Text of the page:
Digital Currency Weekly Recap 11-6-2016
ULC Model Crypto Legislation May Be Nearing Final Form
The Uniform Law Commission – a nonprofit that has spent the last year developing draft legislation that it hopes could serve as a template for all cryptocurrency legislation across the United States - may be nearing finalization. According to recent reports in a Coin Center blog post, the project is nearing an end and could be completed as early as next summer. The idea is to provide model legislation that states could use to achieve harmonization of digital currency regulation throughout the country.
Observers currently anticipate that ULC members will be able to vote on the final language at its summer meeting in 2017. If approved, it would then be up to the states to decide whether they wanted to accept and adopt the proposed legislation, include certain provisions in their own regulatory scheme, or chart their own course.
Swiss Moving to Regulate Digital Currency
The Swiss focus on digital currency continued this week as the nation’s Federal Department of Finance (FDF) unveiled an outline for its FinTech regulations strategy. The revelation came in the same week that the nation’s rail operator announced that it would soon be using its rail ticket kiosks for Bitcoin sales to Swiss consumers. This latest announcement also indicated that the FDF is considering the introduction of new statutory language in 2017.
The plans appear to be targeted toward the development of new licensing measures and a separate set of regulations for firms engaged in experimental activities. As envisioned, these regulations would be managed by Switzerland’s Financial Market Supervisory Authority. The FDF’s announced goal is to create a regulatory regime that can help to attract new FinTech companies and innovation. Already, a number of new startups have been drawn to Switzerland, thanks to its strong financial services industry and liberal stance toward the FinTech industry.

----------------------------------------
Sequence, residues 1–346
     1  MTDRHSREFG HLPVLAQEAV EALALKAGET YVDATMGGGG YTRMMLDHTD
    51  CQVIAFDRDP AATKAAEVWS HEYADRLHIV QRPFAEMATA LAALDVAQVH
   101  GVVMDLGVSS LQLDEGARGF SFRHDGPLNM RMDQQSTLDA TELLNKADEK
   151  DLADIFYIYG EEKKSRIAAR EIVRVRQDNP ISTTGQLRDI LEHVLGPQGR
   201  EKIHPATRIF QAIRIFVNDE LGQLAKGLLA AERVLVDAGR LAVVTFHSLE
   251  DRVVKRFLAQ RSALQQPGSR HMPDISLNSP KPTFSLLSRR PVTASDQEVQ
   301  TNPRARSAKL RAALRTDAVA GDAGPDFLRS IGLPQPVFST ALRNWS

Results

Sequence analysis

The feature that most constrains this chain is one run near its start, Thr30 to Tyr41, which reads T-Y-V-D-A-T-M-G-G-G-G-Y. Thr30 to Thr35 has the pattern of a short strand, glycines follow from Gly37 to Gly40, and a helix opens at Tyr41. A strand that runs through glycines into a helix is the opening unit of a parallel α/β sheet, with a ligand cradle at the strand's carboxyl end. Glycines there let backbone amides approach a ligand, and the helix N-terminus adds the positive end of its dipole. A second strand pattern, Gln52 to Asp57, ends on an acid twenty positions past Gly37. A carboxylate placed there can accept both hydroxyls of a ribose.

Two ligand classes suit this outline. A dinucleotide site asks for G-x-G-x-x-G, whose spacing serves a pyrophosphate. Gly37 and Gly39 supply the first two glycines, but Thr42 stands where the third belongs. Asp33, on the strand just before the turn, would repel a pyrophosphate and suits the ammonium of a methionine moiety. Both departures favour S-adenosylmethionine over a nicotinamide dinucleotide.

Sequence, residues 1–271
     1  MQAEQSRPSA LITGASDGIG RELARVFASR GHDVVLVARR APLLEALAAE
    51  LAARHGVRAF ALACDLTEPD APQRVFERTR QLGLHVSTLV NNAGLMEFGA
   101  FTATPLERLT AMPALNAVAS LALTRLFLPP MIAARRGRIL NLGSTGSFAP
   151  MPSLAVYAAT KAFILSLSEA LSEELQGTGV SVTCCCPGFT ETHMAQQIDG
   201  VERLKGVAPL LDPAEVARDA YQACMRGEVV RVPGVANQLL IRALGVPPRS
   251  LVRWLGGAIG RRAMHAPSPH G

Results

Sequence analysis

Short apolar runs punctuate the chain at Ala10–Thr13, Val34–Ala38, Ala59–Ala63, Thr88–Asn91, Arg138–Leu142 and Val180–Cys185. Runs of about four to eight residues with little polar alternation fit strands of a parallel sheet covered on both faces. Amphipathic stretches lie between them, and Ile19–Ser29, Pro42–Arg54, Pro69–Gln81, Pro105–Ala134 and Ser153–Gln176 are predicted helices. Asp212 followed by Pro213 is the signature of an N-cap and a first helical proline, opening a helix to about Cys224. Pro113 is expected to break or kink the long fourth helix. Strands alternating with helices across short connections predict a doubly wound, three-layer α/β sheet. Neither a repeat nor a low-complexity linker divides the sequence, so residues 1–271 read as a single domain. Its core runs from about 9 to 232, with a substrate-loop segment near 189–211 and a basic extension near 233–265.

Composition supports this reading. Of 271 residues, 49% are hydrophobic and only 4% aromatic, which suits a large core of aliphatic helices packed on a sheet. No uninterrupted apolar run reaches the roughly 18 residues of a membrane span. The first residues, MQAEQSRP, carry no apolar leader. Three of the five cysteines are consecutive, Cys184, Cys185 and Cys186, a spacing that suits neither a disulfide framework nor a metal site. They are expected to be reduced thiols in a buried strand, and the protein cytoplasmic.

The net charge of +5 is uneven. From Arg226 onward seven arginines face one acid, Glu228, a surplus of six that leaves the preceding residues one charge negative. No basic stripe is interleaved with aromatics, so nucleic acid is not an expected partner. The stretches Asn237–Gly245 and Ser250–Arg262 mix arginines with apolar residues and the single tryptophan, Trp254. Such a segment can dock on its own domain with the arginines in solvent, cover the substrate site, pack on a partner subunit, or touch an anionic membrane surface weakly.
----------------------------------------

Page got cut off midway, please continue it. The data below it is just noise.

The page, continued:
Legal Powerhouse Cooley Adds FinTech Experts
Cooley, the global legal firm with more than 900 attorneys in the United States alone, this week announced that it has strengthened its FinTech team with the hiring of two Pillsbury Winthrop Shaw Pittman cryptocurrency experts. The company announced that it had hired Marco Santori, who one reporter referred to as the “Dean of Digital Currency Lawyers” and Patrick Murck who at one time served as general counsel for the Bitcoin Foundation. Cooley’s new hiring effort should help it to provide the FinTech community with the legal resources it needs as new regulatory structures continue to emerge around the globe.
Shinhan Bank to Launch Cryptocurrency Transfer Service
Shinhan Bank this week announced plans to launch its own cryptocurrency transfer service in December, beginning with Bitcoin remittance services between South Korea and China. Since digital currency is not legally allowed as payment within South Korea, the bank will be using Hong Kong as an intermediary. The plan is for money to be relayed to a Hong Kong digital currency exchange. From there, cryptocurrency will be sent to the Chinese exchange and exchanged for that nation’s local currency.